and there has also been a big increase in the numbers granted working holiday visas:
Student visa numbers are still growing, but in the last year or two there has been quite a switch from private training enterprises (which will have included some of the more questionable institutions/courses) towards universities in particular.
But it is residence visas that are at the heart of our immigration policy. The number of those approved determines the medium-term contribution immigration makes to our population. Cabinet sets a “planning range” (in effect, a target) for the number of residence approvals granted. That range was cut slightly to 42,500 to 47,500 per annum late last year. Actual approvals fluctuate around the target, rather than being mechanically managed to meet it month by month or year by year.
The residence approvals planning range – the centrepiece of the immigration programme – has been pretty stable for a long time (just the modest cut last year). It doesn’t contribute much to the variability in the headline PLT numbers. Much of the variability in the headline PLT numbers is changes in what New Zealanders are doing, and most of the variability in the non-NZ citizen net inflow relates to policy streams (eg student visas, or working holiday arrangements) other than the residence approvals programme. Recall that most of those getting residence visas were already living here (on work, study, or related visas).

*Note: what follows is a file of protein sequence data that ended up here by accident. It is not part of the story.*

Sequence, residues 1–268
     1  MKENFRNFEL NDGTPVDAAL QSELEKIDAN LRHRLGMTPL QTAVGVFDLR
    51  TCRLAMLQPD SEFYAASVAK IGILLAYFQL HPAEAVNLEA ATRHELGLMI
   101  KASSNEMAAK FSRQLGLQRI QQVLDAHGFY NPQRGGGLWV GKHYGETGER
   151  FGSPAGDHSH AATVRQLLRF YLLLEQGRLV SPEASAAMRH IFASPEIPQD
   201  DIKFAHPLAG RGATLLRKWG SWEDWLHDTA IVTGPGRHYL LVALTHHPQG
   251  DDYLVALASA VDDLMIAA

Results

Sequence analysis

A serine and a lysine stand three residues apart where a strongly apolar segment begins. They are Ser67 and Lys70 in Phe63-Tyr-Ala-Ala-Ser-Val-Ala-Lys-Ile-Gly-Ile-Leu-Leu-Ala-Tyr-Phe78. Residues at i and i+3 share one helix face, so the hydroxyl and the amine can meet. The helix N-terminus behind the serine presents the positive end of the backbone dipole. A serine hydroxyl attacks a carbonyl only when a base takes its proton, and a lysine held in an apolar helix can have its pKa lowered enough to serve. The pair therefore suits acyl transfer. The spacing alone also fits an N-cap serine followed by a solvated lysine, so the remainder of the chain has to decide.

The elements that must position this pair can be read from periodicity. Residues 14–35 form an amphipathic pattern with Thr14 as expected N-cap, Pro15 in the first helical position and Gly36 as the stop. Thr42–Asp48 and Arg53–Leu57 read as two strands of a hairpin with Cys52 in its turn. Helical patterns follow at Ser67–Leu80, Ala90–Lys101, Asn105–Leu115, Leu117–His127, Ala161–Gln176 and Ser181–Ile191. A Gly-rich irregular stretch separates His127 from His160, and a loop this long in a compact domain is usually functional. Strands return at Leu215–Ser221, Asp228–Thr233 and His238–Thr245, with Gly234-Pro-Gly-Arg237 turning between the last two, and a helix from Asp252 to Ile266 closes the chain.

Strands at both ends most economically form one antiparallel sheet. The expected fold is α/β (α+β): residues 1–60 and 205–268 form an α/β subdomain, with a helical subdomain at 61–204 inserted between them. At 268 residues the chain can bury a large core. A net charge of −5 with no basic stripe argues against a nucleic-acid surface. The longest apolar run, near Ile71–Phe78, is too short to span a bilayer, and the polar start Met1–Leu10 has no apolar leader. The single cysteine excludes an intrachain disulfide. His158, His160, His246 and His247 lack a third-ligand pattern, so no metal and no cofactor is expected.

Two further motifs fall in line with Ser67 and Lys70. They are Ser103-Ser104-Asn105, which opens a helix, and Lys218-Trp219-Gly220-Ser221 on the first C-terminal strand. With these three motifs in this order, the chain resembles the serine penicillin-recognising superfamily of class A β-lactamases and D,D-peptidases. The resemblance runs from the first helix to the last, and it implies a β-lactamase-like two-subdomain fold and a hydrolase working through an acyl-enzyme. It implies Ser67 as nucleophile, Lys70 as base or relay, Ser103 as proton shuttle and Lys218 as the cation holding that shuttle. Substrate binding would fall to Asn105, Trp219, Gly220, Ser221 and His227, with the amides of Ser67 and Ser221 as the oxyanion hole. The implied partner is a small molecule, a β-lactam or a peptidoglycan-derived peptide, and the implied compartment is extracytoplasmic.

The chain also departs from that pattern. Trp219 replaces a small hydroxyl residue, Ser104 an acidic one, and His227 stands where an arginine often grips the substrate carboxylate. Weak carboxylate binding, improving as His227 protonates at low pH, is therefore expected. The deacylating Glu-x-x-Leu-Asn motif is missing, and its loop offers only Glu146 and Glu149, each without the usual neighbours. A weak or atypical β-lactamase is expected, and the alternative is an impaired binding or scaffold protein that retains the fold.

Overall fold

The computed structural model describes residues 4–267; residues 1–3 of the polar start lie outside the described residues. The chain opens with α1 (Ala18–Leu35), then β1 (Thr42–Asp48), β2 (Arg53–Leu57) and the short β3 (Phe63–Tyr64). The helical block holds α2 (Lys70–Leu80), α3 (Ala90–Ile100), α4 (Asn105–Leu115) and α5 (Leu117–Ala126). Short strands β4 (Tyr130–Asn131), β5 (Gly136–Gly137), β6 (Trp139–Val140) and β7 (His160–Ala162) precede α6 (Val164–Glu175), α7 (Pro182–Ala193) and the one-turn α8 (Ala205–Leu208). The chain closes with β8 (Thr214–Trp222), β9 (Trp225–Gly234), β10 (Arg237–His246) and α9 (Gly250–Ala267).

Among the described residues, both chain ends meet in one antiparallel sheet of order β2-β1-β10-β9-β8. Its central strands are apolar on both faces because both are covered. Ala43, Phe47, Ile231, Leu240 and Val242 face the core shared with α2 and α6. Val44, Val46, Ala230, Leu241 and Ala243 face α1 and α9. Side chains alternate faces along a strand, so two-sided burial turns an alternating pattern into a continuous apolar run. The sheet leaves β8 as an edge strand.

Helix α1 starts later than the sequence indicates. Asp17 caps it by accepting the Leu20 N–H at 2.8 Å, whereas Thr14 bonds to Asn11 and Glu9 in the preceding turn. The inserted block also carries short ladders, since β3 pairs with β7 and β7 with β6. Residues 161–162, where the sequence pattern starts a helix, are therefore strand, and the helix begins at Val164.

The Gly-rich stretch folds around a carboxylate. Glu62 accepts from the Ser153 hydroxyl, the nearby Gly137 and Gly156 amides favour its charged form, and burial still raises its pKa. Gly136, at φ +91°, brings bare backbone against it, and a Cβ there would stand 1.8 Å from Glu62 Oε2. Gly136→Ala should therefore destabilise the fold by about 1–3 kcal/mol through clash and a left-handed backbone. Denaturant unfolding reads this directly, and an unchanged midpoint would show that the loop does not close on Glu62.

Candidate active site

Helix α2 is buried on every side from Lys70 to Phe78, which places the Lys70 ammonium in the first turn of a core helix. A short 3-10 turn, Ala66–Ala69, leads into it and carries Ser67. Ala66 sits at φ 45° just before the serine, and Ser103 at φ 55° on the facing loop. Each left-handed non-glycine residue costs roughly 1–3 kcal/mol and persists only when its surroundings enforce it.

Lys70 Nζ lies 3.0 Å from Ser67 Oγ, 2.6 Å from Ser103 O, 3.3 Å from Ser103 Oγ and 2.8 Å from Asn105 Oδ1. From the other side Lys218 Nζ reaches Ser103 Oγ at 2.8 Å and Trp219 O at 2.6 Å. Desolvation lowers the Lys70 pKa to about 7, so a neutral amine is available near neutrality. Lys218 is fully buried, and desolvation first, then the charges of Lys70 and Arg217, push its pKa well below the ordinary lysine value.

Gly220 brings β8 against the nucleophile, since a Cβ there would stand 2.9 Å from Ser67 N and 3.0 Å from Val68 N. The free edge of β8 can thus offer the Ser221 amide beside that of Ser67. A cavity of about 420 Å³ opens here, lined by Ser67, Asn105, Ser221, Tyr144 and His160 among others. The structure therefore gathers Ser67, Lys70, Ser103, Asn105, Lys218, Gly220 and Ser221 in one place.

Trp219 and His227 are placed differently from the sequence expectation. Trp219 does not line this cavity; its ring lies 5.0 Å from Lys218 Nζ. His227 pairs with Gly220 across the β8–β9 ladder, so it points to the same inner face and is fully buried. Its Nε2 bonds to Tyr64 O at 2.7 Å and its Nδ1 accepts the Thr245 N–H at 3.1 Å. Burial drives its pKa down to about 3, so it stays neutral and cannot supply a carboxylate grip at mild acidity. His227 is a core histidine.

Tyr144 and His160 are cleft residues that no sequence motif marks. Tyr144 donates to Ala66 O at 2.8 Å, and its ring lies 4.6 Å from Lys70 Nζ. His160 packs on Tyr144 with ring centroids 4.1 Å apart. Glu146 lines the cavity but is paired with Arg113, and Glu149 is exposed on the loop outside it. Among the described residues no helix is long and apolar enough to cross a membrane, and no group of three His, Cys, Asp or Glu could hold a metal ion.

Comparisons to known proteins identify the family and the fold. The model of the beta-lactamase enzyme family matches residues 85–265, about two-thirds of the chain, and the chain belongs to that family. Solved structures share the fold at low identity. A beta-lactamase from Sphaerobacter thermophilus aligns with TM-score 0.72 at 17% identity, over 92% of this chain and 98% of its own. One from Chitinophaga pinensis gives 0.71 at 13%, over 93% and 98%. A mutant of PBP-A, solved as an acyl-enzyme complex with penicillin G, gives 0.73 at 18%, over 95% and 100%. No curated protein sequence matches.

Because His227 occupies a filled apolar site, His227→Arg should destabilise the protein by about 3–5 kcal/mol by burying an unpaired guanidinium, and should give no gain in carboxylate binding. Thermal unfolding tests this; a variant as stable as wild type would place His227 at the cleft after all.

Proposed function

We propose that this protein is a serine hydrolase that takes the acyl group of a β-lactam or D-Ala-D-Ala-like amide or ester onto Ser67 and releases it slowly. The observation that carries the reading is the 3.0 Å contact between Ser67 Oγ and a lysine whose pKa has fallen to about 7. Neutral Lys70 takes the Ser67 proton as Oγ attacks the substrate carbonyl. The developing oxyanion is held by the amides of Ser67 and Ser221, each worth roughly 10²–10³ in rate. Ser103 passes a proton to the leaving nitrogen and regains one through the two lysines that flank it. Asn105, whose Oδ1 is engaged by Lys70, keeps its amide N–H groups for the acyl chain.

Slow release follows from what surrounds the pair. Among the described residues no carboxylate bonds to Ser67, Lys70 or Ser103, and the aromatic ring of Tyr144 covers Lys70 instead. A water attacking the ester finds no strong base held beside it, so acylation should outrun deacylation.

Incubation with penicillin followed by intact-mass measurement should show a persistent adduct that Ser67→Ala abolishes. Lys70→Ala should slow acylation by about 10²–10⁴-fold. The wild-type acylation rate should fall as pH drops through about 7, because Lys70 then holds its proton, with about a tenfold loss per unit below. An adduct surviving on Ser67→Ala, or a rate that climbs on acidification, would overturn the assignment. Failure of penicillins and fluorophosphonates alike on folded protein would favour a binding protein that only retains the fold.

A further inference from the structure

But, of course, the variability is only part of the picture. Perhaps the most striking thing about the residence approvals programme is its sheer size: equivalent to almost one percent of the population each year, and in per capita terms three times the size of the US “green card” issuance (under both recent administrations). We have a very large number of legal temporary foreign workers here by international standards, but most of them will eventually go home. What really marks us out is the size of the residence approvals programme – bigger per capita than in almost any OECD country, and far bigger than most. I’ve argued for cutting programme back to, say, 10,000 to 15,000 per annum (a similar size, per capita, to the US programme).